Sara Bernardi shares her passion for contradiction

New Frameworks

Italian architect Sara Bernardi's Con-Tradition Screens manifest a surprising and clever synergy of material and form. Like many architect-designed objects for use, these folding screens have a deliberately stripped-down appearance that nonetheless communicates an air of refined elegance. Upon closer inspection, however, their material composition turns out to be raw and brutalist segments of steel rebar—a basic and unglamorous ingredient of modern building construction—arranged and welded together to form graphic, three-dimensional patterns that recall the modernist work of Frank Lloyd Wright and Piet Mondrian.

Contradictions like these are a central theme in Bernardi‘s design work. On the occasion of launching her pieces in our Shop, we reached out to Bernardi to learn more about her move to Beijing—where she established her studio in 2012— and her attraction to design anomalies and eroded surfaces.

P: You opened your studio in Beijing in 2012, after having lived and worked in China for a couple of years. What made you decide to settle there?

SB: I was in New York working for Fuksas when I was asked to fly over to Shenzhen and start working on the new Airport project. That was my first time in China; my first encounter with the fast-growing, fast-developing architectural environment there. It was a very strong cultural twist for me. I immediately felt that China was the place to be.

Beijing is both very international and extremely Chinese at the same time. It is a field of creative experimentation, with a vibrant energy that you can hardly find anywhere else. The strong ties to the past with the determined race toward the future is what impressed me the most. [From] there comes my inspiration to work on the relations between East and West—by mixing and grafting together the contemporary and the historical.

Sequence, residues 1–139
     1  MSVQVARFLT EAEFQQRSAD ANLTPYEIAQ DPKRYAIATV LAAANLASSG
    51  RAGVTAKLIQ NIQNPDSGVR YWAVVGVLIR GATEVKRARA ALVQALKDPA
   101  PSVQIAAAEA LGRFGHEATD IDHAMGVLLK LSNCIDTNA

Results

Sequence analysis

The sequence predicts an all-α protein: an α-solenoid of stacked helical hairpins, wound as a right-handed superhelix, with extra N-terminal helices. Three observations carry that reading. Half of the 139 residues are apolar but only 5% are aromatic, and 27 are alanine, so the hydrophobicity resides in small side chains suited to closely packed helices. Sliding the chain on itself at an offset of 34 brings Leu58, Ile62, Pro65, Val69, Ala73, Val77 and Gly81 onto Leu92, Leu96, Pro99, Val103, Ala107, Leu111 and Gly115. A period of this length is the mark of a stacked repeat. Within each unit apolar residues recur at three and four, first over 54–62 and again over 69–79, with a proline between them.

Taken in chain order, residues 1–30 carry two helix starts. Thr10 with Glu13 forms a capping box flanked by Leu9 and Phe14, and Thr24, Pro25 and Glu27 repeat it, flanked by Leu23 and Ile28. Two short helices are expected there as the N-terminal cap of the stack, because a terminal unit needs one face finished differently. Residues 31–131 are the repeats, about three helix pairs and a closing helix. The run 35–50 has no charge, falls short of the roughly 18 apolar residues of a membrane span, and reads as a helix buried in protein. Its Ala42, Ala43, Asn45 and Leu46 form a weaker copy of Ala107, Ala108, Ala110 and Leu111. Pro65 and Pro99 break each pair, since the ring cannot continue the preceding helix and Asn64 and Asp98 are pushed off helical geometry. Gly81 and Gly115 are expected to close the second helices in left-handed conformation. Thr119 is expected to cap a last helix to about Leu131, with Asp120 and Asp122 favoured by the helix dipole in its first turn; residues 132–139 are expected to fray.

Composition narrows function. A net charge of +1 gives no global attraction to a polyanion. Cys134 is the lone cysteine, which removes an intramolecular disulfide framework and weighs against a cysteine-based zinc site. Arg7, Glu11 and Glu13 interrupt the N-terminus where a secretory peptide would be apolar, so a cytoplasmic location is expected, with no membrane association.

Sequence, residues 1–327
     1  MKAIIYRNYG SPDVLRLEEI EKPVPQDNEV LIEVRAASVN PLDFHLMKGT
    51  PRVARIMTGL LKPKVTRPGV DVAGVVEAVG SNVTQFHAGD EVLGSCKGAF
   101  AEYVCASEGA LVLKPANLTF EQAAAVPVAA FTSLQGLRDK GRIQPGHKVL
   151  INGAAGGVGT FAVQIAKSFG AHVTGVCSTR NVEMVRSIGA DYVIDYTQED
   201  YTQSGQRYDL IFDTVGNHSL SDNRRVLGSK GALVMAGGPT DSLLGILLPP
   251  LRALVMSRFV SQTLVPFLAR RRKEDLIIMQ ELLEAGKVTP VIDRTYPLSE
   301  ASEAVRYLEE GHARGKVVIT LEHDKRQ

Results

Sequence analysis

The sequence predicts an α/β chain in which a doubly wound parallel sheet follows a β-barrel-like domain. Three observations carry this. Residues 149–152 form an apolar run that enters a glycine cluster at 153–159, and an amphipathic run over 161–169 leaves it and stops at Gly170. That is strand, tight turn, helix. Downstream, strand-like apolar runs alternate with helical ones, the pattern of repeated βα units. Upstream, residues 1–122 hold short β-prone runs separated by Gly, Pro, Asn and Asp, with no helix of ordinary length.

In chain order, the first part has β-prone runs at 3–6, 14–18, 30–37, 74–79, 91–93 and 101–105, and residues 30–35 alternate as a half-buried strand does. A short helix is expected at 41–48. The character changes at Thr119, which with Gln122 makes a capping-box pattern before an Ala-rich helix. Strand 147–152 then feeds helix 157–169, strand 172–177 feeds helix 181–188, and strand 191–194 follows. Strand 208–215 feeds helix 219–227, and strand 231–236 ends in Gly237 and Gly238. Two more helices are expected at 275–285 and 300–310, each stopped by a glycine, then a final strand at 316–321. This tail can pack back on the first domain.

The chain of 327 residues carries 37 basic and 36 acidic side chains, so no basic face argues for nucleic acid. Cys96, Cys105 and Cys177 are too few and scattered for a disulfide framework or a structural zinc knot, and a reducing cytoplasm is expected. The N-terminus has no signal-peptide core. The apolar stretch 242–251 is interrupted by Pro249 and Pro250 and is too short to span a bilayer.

P: The Con-Tradition collection plays with juxtapositions: traditional Chinese furniture forms with a contemporary, Western style, at once both elegant and raw. Tell us the story behind this approach.

SB: The Con-Tradition collection comes from my discovery and study of Chinese heritage. It started from observations I made about some archetypes, not only of the furniture tradition but of Chinese culture itself—the lanterns, which through the centuries have seen many variations; the folding screens, which embody the "ghost wall" tradition from Feng Shui; the altar table used for the art of calligraphy; the low table for the tea ceremony; and the ubiquitous stools. I wanted to challenge the apparent contradiction between the reductionism of contemporary and minimalist language and the richness found in Chinese cultural heritage.

By using raw construction materials, like concrete and steel rebar, I tried to force a reaction between the materiality’s roughness and strength and the elegance of the antique forms. Concrete and steel since their beginnings have been ubiquitous symbols of urbanization—and, even more so, metaphors for modernity that conflict with the value of heritage.

P: You work a lot with steel rebar. What's its aesthetic appeal for you?

SB: As an architect my work obviously has an essential link to concrete and steel, but my personal approach focuses on the displacement of scales and identities. I like the roughness of raw materials; I collect photographs of concrete patterns and of metals eroded by atmospherical agents. Most of the Chinese construction sites are enclosed in a standard blue metal fence, beautifully patterned with rust. I always look at it wondering in which project I could use it. Maybe this is linked to my Roman origin and a certain attraction to and familiarity with ruin, materiality, and stratification.

Steel rebar has an additional appeal to me. When you look at it from close you perceive the strength of the material and the subtle vibration of the spiral rib. But if you look [at] it from afar, you realize the tremendous graphic quality of these lines drawn in space, casting sharp yet subtle shadows on the walls.

Thank you so much for this conversation, Sara!

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